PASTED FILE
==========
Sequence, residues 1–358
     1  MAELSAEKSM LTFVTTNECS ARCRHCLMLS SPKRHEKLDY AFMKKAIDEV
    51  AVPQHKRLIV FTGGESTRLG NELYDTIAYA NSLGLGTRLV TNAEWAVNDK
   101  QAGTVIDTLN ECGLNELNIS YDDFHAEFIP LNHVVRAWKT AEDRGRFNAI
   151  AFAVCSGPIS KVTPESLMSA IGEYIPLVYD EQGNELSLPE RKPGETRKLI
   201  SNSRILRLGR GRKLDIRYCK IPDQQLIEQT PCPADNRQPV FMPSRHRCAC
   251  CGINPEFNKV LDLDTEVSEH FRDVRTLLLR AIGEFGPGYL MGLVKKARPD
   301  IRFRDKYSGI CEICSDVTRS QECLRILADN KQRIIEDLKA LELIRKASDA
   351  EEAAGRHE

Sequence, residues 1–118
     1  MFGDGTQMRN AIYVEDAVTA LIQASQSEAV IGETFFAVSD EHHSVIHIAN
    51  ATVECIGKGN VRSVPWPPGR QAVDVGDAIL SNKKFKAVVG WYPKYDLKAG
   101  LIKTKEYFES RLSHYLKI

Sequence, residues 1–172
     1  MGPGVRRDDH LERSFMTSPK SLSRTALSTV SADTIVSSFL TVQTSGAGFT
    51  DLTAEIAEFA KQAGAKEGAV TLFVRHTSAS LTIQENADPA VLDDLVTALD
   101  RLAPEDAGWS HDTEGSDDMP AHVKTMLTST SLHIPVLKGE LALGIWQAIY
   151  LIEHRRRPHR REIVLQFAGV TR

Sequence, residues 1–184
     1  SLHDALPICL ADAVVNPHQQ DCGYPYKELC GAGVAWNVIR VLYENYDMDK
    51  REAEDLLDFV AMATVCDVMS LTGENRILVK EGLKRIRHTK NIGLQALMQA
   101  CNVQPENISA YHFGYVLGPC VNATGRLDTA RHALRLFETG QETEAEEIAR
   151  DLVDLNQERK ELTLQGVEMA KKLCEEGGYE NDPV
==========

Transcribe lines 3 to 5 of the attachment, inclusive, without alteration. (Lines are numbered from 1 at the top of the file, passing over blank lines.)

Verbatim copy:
    51  AVPQHKRLIV FTGGESTRLG NELYDTIAYA NSLGLGTRLV TNAEWAVNDK
   101  QAGTVIDTLN ECGLNELNIS YDDFHAEFIP LNHVVRAWKT AEDRGRFNAI
   151  AFAVCSGPIS KVTPESLMSA IGEYIPLVYD EQGNELSLPE RKPGETRKLI